Dave Edwards is a passionate outdoorsman who especially loves fishing and pushing life to the edge. But when pain forced him to stop so many of his favorite activities, it was time for Dave to take a look at getting his knee joint replaced. "The pain got so intense, I just couldn't do any of the activities I wanted to do and for me that's not living anymore."
Dave noticed the improvement soon after his operation. "With the help of physical therapy and rehabilitation after surgery, I soon noticed a real difference." Because Dave had previous work done on the knee, his recovery was a little more demanding than most but Dave toughed it out. "I just knew I had to hang in there." And he's glad he did.
Now recovered, Dave is thankful to have an active life again. "To just walk in the stream when I'm fishing used to kill me. Now it's pleasant again." Dave has been pleasantly surprised by the strength and functionality.
In fact, he is now talking with his doctor about having his other knee replaced. "I'm quite impressed with the Stryker Knee itself. I'm back to activities I enjoy."
Individual results vary. Not all patients will have the same post-operative recovery and activity level. See your orthopaedic surgeon to discuss your potential benefits and risks.
IMPORTANT INFORMATION ABOUT HIP AND KNEE REPLACEMENT
Hip joint replacement is intended for use in individuals with joint disease resulting from degenerative and rheumatoid arthritis, avascular necrosis, fracture of the neck of the femur or functional deformity of the hip.
Knee joint replacement is intended for use in individuals with joint disease resulting from degenerative, rheumatoid and post-traumatic arthritis, and for moderate deformity of the knee. Joint replacement surgery is not appropriate for patients with certain types of infections, any mental or neuromuscular disorder which would create an unacceptable risk of prosthesis instability, prosthesis fixation failure or complications in postoperative care, compromised bone stock, skeletal immaturity, severe instability of the joint, or excessive body weight.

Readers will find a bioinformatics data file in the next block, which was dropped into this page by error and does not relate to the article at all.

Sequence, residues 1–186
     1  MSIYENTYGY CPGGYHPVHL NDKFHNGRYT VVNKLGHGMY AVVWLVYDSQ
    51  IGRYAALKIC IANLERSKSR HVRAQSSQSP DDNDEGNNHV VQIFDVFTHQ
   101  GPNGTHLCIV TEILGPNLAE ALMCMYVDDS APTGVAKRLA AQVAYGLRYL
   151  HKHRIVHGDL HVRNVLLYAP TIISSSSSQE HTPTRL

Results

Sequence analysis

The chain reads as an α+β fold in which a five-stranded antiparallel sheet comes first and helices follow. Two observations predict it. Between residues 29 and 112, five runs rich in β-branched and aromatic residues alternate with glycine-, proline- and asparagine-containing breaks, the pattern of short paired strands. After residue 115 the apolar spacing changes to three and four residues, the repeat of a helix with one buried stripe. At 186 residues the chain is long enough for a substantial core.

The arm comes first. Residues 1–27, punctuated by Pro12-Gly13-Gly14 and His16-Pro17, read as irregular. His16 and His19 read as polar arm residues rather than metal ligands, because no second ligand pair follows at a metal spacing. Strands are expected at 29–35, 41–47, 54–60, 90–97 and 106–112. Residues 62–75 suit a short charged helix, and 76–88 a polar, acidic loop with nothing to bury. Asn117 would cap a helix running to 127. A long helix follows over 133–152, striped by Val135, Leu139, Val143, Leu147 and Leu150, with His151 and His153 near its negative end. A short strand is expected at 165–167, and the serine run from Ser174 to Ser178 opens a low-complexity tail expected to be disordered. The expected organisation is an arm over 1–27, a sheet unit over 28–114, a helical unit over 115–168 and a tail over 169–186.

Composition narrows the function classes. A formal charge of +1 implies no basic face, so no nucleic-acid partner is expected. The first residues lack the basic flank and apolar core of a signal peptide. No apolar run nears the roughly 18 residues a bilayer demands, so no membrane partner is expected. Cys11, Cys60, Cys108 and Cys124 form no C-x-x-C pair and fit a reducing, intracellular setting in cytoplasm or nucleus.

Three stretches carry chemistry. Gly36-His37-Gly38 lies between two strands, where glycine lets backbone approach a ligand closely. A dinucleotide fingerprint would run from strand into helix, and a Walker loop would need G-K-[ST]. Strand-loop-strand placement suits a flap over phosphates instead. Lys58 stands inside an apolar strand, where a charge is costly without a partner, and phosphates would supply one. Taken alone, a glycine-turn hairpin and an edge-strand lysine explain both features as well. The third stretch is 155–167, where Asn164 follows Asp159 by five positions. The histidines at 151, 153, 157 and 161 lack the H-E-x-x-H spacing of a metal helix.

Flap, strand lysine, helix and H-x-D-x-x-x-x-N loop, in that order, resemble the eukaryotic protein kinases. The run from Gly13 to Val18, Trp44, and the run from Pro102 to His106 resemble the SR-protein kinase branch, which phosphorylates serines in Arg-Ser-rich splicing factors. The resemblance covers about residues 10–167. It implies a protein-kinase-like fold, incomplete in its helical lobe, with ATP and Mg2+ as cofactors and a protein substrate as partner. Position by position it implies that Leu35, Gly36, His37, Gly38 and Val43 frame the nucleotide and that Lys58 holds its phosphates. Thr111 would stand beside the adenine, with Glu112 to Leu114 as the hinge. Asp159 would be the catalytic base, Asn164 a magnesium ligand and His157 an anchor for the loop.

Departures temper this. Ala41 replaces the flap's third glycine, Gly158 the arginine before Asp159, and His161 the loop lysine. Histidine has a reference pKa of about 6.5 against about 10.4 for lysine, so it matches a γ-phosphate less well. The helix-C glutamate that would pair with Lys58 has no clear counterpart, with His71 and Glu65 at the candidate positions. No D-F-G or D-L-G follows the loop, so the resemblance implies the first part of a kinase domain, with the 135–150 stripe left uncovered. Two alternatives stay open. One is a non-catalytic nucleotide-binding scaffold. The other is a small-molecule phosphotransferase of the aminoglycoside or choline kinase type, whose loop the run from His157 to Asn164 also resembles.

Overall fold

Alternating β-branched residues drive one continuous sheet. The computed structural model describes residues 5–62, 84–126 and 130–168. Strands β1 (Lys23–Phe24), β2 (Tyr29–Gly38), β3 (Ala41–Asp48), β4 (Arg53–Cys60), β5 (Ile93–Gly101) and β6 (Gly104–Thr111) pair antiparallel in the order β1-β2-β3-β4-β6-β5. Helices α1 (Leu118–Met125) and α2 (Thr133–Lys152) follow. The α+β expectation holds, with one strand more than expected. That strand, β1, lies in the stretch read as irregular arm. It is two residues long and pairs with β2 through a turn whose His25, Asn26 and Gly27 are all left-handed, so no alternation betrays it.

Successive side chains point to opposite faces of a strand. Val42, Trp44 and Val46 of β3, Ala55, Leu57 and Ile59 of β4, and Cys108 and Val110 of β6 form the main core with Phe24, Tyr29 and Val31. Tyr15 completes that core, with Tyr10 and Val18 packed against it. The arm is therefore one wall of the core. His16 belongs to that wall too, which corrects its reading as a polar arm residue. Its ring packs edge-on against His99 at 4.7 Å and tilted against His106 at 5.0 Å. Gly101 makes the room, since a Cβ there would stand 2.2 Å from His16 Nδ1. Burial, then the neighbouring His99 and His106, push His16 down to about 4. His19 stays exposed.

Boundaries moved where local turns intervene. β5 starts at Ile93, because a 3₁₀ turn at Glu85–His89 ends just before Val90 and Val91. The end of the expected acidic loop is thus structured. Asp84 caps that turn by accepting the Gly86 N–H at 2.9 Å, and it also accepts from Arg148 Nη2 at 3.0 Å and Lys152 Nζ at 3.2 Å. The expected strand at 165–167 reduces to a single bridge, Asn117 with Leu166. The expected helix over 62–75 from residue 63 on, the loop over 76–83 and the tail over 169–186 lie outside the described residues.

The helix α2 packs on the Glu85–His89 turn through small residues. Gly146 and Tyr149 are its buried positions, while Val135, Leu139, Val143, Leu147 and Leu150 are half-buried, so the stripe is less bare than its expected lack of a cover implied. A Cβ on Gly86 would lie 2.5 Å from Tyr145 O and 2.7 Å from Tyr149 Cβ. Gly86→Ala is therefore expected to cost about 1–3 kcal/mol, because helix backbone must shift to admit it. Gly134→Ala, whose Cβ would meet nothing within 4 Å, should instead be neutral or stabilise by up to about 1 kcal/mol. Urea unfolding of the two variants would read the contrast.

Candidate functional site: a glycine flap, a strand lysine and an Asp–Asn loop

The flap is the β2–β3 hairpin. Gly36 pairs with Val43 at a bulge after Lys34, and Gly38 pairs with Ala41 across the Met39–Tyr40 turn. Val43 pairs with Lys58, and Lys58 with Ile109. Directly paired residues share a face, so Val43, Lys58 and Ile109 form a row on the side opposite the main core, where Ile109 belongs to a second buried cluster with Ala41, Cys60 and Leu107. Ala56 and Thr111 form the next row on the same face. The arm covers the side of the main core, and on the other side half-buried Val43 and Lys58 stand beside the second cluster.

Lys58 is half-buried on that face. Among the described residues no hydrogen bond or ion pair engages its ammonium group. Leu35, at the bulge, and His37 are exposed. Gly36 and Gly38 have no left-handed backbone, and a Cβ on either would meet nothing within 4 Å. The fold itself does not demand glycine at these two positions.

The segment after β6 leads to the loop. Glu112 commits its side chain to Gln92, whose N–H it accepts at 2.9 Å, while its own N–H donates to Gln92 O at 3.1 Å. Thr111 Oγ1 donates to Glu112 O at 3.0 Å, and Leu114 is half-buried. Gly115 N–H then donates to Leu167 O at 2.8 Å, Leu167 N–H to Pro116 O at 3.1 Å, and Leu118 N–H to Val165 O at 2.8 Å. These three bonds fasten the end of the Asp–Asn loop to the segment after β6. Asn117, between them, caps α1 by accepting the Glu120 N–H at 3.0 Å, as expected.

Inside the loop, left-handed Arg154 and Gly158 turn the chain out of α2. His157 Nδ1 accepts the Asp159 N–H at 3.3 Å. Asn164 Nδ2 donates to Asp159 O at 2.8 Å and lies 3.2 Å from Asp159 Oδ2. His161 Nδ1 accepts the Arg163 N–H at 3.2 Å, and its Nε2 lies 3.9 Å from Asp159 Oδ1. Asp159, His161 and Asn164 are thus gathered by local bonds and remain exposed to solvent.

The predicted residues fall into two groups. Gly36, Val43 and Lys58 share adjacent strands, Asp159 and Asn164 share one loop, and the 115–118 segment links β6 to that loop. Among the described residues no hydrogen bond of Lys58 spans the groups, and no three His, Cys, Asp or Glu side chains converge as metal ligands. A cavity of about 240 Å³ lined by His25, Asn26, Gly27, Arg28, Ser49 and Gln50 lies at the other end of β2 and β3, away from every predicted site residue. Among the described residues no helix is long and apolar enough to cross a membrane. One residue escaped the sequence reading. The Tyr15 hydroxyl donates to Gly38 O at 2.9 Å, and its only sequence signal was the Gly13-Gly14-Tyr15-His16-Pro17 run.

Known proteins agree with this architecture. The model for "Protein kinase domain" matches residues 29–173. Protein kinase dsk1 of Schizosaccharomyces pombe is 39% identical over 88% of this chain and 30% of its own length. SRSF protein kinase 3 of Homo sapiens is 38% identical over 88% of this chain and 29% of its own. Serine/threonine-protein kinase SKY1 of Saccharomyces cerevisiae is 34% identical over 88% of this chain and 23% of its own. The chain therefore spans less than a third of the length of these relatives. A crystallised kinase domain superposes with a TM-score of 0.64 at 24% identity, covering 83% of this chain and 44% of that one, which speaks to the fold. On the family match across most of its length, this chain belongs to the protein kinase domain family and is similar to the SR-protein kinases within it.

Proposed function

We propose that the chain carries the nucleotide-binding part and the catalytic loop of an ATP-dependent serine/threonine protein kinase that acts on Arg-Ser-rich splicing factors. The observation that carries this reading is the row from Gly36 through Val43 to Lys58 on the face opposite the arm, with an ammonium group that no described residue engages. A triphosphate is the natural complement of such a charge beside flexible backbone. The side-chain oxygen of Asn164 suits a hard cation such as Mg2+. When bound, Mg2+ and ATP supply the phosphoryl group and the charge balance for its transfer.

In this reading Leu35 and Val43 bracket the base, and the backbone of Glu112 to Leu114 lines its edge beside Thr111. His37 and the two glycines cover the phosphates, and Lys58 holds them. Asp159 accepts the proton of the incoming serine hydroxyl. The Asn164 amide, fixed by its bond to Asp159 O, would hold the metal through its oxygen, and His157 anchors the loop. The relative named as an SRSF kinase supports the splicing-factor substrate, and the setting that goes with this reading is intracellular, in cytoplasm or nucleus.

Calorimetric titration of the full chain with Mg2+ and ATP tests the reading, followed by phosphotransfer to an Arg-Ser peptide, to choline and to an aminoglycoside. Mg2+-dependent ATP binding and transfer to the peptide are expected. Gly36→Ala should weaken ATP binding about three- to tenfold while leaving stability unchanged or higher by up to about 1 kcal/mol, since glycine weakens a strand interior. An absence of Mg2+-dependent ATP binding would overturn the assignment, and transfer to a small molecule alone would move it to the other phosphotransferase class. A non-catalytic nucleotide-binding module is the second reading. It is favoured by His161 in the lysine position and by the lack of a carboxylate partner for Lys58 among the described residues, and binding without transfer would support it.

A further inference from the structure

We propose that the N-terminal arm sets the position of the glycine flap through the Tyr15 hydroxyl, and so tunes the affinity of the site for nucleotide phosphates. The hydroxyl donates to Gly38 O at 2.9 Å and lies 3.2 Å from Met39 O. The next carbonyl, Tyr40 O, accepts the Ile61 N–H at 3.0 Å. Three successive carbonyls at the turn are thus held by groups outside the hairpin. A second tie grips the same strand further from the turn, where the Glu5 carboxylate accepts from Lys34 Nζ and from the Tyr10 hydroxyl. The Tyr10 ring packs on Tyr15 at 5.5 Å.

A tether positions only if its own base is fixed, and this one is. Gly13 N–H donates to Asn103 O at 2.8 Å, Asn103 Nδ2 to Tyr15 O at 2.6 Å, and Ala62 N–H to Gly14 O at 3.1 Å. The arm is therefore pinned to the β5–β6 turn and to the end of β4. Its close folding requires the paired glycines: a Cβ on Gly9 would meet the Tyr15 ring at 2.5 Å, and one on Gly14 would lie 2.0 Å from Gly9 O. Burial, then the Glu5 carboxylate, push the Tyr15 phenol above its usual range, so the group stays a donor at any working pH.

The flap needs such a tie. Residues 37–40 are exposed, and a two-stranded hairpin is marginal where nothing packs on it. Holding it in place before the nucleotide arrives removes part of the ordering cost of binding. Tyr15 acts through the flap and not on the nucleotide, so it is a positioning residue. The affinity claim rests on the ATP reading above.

Like any surgery, joint replacement surgery has serious risks which include, but are not limited to, pain, bone fracture, change in the treated leg length (hip), joint stiffness, hip joint fusion, amputation, peripheral neuropathies (nerve damage), circulatory compromise (including deep vein thrombosis (blood clots in the legs)), genitourinary disorders (including kidney failure), gastrointestinal disorders (including paralytic ileus (loss of intestinal digestive movement)), vascular disorders (including thrombus (blood clots), blood loss, or changes in blood pressure or heart rhythm), bronchopulmonary disorders (including emboli, stroke or pneumonia), heart attack, and death.
Implant related risks which may lead to a revision of the implant include dislocation, loosening, fracture, nerve damage, heterotopic bone formation (abnormal bone growth in tissue), wear of the implant, metal sensitivity, soft tissue imbalance, osteolysis (localized progressive bone loss), audible sounds during motion, and reaction to particle debris.
The information presented is for educational purposes only. Speak to your doctor to decide if joint replacement surgery is appropriate for you. Individual results vary and not all patients will return to the same activity level. The lifetime of any joint replacement is limited and depends on several factors like patient weight and activity level. Your doctor will counsel you about strategies to potentially prolong the lifetime of the device, including avoiding high-impact activities, such as running, as well as maintaining a healthy weight. It is important to closely follow your physician’s instructions regarding post-surgery activity, treatment and follow-up care.
Ask your doctor if a joint replacement is right for you.
Stryker Corporation or its other divisions or other corporate affiliated entities own, use or have applied for the following trademarks or service marks: GetAroundKnee, Mako, Mobile Bearing Hip, Stryker, Together with our customers, we are driven to make healthcare better. All other trademarks are trademarks of their respective owners or holders.
Fred Funk is a paid spokesperson of Stryker, and his statements represent his personal views based on his personal experiences.